In defense of Richard Champion The misinformation in the letter Jan. 21 — “What was Champion thinking?” — needs to be addressed. In that letter, the author states that Richard Champion …
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In defense of Richard Champion
The misinformation in the letter Jan. 21 — “What was Champion thinking?” — needs to be addressed. In that letter, the author states that Richard Champion “went to Washington D.C., to protest Biden’s election as president.” I reread the article from Jan. 14 in the Independent and what he actually said was he went to Washington “to object to what he called a broken judicial and electoral system.” I agree with that conclusion, which, by the way many Americans would agree with. At the end of the article, Champion was quoted as saying when Joe Biden is sworn in as president, “he will be my president.” That was certainly not the position of many of those did who not want Trump elected.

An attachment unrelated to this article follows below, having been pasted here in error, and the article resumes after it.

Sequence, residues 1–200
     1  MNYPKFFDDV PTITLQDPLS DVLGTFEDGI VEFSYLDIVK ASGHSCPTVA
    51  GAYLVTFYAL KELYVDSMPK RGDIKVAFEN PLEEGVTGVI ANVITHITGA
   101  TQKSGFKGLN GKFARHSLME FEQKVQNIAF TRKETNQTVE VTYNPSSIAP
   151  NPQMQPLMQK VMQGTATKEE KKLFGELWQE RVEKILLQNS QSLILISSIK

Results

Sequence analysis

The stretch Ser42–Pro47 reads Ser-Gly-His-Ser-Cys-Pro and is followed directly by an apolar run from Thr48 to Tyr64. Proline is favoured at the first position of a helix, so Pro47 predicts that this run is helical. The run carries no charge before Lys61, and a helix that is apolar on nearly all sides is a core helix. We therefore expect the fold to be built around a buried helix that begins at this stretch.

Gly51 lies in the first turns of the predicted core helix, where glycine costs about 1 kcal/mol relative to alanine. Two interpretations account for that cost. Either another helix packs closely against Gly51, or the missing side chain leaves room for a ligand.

The letter further states Champion “stayed outside the Capitol building while mobs were ransacking it, and he didn’t see any violence.” The peaceful protest and the ensuing breach of the Capitol by a small minority, of whom for the most part, remain unidentified, happened at the same place, but were two separate events. There is a difference in recounting what a person observes in real time vs. observations after the fact that include an overview of everything going on at once. I have seen numerous conflicting reports of what actually happened and who was involved. This misrepresentation of Richard Champion is one example of so many that are distorting the truth and sowing division in America. Unfortunately, these kinds of misrepresentations are also being used to silence our voices.
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